Tucked into a light-industrial park on Western Avenue in Torrance, Monkish Brewing has been in operation since 2012. In addition to its 15-barrel brewing system and growing number of aging barrels for its Belgian-style beers, Monkish also has a tasting room — which this night has become a classroom.
The excursion to Monkish is the first of three site visits that are part of the inaugural “A Class of Beer: An Overview of the Craft Brewing Renaissance” course at UCLA Extension. Encompassing history, brewing techniques and business strategies, the class serves as an introduction to the craft beer movement for homebrewers, food-and-beverage professionals, or people who just like good beer. There will be samples later, but for most of the night, the students will focus on how that goodness gets made.
With gleaming fermentation vats and oak barrels looming behind him on the other side of a window, owner Henry Nguyen stands at the polished wood bar and dispenses hard-earned wisdom about the business — from the meaning of terms like “flocculation” and “attenuation,” to the drawbacks of using a distributor and the quirks of local zoning laws. Meanwhile, course instructor Tomm Carroll has the luxury of keeping largely silent.
Nguyen tells the 25 students about the circuitous path that brought him to his success running Monkish, one of L.A.’s increasing number of successful breweries. “People tell me I’m underweight both for being a brewer, and for being a Marine, but I’m both,” Nguyen jokes. After his stint in the Marine Corps, he studied divinity before moving on to brewing, first as a hobby, then as his business. (The name Monkish refers both to the Belgian tradition of monks brewing beer, and to his own background as a theologian.)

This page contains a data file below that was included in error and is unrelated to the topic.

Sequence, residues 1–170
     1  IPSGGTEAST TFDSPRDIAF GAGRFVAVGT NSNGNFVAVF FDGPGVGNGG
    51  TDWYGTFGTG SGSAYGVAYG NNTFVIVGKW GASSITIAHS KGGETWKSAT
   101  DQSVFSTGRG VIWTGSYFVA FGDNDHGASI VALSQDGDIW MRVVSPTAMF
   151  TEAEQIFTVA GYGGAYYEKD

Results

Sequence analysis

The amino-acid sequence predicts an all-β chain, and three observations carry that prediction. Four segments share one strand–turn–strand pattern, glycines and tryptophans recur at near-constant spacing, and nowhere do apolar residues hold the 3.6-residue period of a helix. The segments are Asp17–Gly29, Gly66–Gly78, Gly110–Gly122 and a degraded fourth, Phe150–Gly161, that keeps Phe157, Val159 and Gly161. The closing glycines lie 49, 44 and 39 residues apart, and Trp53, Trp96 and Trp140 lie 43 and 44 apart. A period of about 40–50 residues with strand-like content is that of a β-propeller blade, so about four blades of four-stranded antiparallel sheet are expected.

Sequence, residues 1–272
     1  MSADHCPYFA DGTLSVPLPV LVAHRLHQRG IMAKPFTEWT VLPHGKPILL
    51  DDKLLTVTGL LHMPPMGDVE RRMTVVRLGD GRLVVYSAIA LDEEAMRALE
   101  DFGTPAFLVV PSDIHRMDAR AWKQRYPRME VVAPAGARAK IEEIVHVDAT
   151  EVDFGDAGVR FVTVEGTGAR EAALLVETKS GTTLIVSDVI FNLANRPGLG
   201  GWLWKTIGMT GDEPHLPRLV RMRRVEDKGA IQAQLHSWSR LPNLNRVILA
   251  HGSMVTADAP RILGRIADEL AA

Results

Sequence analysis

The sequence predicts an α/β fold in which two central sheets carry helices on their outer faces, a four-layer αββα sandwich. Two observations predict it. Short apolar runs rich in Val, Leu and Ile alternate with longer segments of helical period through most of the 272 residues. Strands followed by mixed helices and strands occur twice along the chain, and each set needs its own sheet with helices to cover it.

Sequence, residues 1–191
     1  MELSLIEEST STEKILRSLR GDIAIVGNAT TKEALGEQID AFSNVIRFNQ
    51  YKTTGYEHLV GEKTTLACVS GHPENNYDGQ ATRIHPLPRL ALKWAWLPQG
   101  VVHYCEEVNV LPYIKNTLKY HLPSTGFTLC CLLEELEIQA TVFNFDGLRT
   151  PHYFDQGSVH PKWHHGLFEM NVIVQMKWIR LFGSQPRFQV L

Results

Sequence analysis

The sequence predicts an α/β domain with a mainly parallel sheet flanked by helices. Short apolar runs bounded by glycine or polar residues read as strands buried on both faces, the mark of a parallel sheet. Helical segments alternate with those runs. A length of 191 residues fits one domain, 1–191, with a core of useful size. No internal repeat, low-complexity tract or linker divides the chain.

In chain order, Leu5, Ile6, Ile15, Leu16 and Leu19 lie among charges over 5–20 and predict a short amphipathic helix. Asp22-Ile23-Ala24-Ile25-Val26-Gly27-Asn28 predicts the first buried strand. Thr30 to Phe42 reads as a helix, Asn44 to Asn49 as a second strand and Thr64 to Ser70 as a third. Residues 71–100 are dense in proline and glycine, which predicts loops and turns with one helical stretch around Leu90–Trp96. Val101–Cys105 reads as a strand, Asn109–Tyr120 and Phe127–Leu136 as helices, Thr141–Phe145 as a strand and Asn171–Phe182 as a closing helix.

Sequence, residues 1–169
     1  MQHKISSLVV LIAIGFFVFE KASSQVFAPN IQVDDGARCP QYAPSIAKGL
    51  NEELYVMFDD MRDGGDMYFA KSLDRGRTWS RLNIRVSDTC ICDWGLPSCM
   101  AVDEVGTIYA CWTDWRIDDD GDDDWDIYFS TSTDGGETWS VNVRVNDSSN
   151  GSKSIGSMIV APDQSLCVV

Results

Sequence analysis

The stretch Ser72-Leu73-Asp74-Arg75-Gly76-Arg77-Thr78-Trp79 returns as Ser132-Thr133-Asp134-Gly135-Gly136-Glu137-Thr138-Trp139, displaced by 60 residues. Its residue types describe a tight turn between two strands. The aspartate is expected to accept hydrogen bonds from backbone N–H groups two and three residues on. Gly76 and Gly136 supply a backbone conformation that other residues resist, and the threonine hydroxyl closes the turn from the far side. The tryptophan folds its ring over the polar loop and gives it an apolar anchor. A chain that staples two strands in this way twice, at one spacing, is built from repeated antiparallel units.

“Henry really is a wonderful brewer, and he was a teacher, so he knows how to keep people interested,” Carroll said later. He noted that Nguyen followed the number one unwritten rule of teaching about beer that night: “You don’t want to give people too much to drink before the end of the class.”
Though UCLA Extension has long offered a wine education and management certificate, the spring section of “A Class of Beer” is Extension’s first beer-focused course in nearly two decades. The class sold out — with a waiting list of 50 people. Another section is scheduled for summer quarter.
“There are homebrewers, people interested in starting breweries or beer bars, even people who are in wine distribution, who say, ‘I get wine, I don’t get beer,’” Carroll said. “And there are others who have said, ‘My friends and I go out, and when I look at all the different beers, I feel so lost; I just want to know something about it.’”
Student Hannah Gustafson said she signed up for the class “to learn why I’ve been homebrewing such terrible beer.” Beyond that, she said that one of her favorite things about the class has been "getting to know fellow beer nerds."
That term would have meant little to the general public a couple of decades ago, but the late 20th century movement of independent breweries offering a diverse array of small-batch beers has picked up momentum. These days, catering to beer drinkers who can taste the difference between West Coast and East Coast IPAs is a burgeoning business. (West Coast is hoppier, or more bitter.)